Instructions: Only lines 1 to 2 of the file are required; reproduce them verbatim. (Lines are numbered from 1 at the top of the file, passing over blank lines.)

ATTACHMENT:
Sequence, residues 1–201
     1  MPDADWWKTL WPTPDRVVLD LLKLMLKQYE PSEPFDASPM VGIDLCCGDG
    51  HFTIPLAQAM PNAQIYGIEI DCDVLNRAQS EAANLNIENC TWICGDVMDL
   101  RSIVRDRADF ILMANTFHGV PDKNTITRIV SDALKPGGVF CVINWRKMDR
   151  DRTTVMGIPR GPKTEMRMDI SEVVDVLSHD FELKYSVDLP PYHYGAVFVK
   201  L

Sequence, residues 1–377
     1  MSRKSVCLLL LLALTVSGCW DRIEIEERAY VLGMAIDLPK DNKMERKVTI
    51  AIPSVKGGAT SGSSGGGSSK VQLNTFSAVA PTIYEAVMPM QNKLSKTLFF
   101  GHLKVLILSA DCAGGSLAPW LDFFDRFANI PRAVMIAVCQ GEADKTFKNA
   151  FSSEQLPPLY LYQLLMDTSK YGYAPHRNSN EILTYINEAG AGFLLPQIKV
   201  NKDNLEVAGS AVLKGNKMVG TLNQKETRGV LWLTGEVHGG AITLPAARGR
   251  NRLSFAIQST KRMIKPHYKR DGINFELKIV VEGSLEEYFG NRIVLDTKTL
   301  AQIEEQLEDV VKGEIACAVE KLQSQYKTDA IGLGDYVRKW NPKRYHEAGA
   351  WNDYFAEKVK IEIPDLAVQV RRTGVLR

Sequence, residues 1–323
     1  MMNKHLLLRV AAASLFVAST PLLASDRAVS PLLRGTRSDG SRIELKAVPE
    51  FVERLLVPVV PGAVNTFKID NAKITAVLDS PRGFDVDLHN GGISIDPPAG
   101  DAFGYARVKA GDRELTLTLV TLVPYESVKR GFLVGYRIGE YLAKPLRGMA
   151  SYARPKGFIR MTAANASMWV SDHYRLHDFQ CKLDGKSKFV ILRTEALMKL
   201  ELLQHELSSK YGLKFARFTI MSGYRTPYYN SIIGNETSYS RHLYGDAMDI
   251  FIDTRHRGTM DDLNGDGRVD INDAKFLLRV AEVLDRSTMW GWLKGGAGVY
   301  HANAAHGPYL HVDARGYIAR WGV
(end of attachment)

Sequence, residues 1–201
     1  MPDADWWKTL WPTPDRVVLD LLKLMLKQYE PSEPFDASPM VGIDLCCGDG